In 2008, Conrad Anker, Jimmy Chin and Renan Ozturk set out to climb the Shark's Fin of Mount Meru in the Himalayas, a route that peaks at 20,700 feet. No one had ever made it to the top. After 19 days of climbing, they fell short of the summit by a mere 100 meters. In 2011, they tried it again.
Chin — an accomplished National Geographic photographer — had filmed both attempts, but was having trouble editing it all together, so he reached out to an acquaintance who had directed a couple of movies.
That acquaintance was Chai Vasarhelyi, and together they took the raw footage from the climb and turned it into "Meru," a documentary which won the Audience Award for U.S. Documentary at this year's Sundance Film Festival.
When Chin and Vasarhelyi spoke with The Frame at Sundance, they spoke about the challenges of filming while hanging from the side of a mountain, as well as the emotional elements of the story that brought the whole thing together. Oh, and how they ended up being married.
Jimmy, explain how you're able to film and climb at the same time. What are the technical challenges of doing both jobs at once?
Chin: Shooting and climbing have evolved together for me. I filmed with Renan Ozturk, who's the cinematographer on the trip as well, but there are some basic rules:
- Shoot when you can.
- Don't hold up the climb.
- Don't drop the camera.
And that's pretty much all you're going by. [laughs]
In this film, you're going without guides and you're having to lug your own gear. Especially on the initial climb, where the weight of the gear is certainly a factor, is the gear for the shoot actually a problem? Are you lugging even more stuff than you need at this point?
Chin: Yes, we are. We even cut off the labels on our jackets to save weight. Every ounce counts on a climb like this, so even a camera and a lens can add up. [laughs] We had two cameras, which were small, but still, those were probably equivalent to two days' worth of food.
Chin: Yeah, because you can't charge batteries up there, and you're not downloading your cards at the end of the day. So you have to carry all the cards and all the batteries, which adds up. It does figure into the calculations of planning.
So, as you're climbing, does it get to a point where you're asking yourself, Are we making a movie or are we climbing a mountain?
Chin: There are different types of productions that I work on, and this one was certainly more focused on the climbing. We shot what we could, and while I always think about shots that I missed, overall I'm really happy with what we captured.
Chai, when you first saw Jimmy's footage, how long ago was it, what kind of shape was it in, and what was the story you saw that you thought might be able to reach a wider audience?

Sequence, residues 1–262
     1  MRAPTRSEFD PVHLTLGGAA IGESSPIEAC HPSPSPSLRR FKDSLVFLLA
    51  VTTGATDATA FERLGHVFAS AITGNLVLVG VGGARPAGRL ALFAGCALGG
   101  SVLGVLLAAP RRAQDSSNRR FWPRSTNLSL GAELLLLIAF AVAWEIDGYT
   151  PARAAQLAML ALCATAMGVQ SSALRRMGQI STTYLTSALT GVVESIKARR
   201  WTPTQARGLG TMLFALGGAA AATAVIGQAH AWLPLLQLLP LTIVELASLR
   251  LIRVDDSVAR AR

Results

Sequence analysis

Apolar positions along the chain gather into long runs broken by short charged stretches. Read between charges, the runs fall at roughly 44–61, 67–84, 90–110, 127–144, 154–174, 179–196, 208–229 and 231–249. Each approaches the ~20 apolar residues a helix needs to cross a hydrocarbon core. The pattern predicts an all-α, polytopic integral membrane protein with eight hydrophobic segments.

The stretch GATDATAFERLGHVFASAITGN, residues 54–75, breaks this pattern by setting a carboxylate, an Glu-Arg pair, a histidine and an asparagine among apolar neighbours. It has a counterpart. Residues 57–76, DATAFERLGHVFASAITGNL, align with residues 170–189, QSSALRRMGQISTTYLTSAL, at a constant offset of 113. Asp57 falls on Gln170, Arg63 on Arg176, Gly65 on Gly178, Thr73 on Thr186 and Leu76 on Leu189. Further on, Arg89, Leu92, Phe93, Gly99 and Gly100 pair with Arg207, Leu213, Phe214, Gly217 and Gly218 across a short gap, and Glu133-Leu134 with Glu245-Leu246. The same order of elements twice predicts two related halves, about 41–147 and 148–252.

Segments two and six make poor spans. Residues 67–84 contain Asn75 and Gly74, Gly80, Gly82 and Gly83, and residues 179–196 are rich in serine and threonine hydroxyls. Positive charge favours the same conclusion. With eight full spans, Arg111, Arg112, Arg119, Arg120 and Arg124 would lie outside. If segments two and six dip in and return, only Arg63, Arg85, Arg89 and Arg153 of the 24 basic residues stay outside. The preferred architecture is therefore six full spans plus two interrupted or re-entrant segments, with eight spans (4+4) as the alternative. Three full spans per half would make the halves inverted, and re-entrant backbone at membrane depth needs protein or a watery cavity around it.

Vasarhelyi: It was in 2012, and I had met this incredibly charismatic guy, Jimmy, and I was struck by how personable and interesting he was. And then he shared this film with me, and he wasn't in it. I mean, he appeared, but his heart wasn't in it.
It was hard to understand the emotional reasons and satisfaction that these guys get from climbing while living with all the risks, so I felt like there needed to be emotional work on the film.
It sounds like you were trying to answer for the audience the questions that you yourself had about the guy you'd just met.
Vasarhelyi: Absolutely, I was. I'm not a climber, but I felt like there was a real emotional connection that the audience could make with these guys, because what they do is inspiring and it's very moving. The story elements were there, but the structure and how they were speaking about their own experiences needed to be looked at.
So you met as creative collaborators, not as a couple? What's the chicken-and-egg here?
Vasarhelyi: I'll let Jimmy answer that.
Chin: [laughs] Yeah, I learned that she was a filmmaker. I had been working on this film, so I shared it with her to get some feedback. She hadn't shown very much interest in me until after I shared the film with her, and then of course I realized that she was really interested in the film. Eventually she became interested in me. [laughs]
So it wasn't that you had a great personality? You had great footage?
Chin: Pretty much. [laughs]
So much of the movie is about the collaborative nature of climbing, and the reliance that each climber has on the person next to him. You've now taken that connection into the filmmaking world where you're working with Chai. Are there similarities or differences between those different types of collaboration?
Chin: Yeah. [laughs] There are so many parallels between expedition climbing and filmmaking, like financing the trip and trying to convince somebody to help you chase this objective with all these unknowns — you don't know where it's going to go, you don't know how it's going to go. You just have to have faith in yourself and you need to be inspired and work hard, but that trust between climbing partners is very, very key — we hold each other's lives in our hands, and there are a lot of life-and-death decisions to be made constantly. You have to trust each other all the time.
In the filmmaking with Chai, it's challenging when you have two directors with two ideas, but we came from such different places. And honestly, when I saw the finished film and saw it screened at Sundance and I saw how all the decisions have come together, it's the first time I've really appreciated what she brought to the table. I mean, I knew on the way, but it's been really incredible. That's how great partnerships happen: when people come together with really different skill sets but really strong strengths.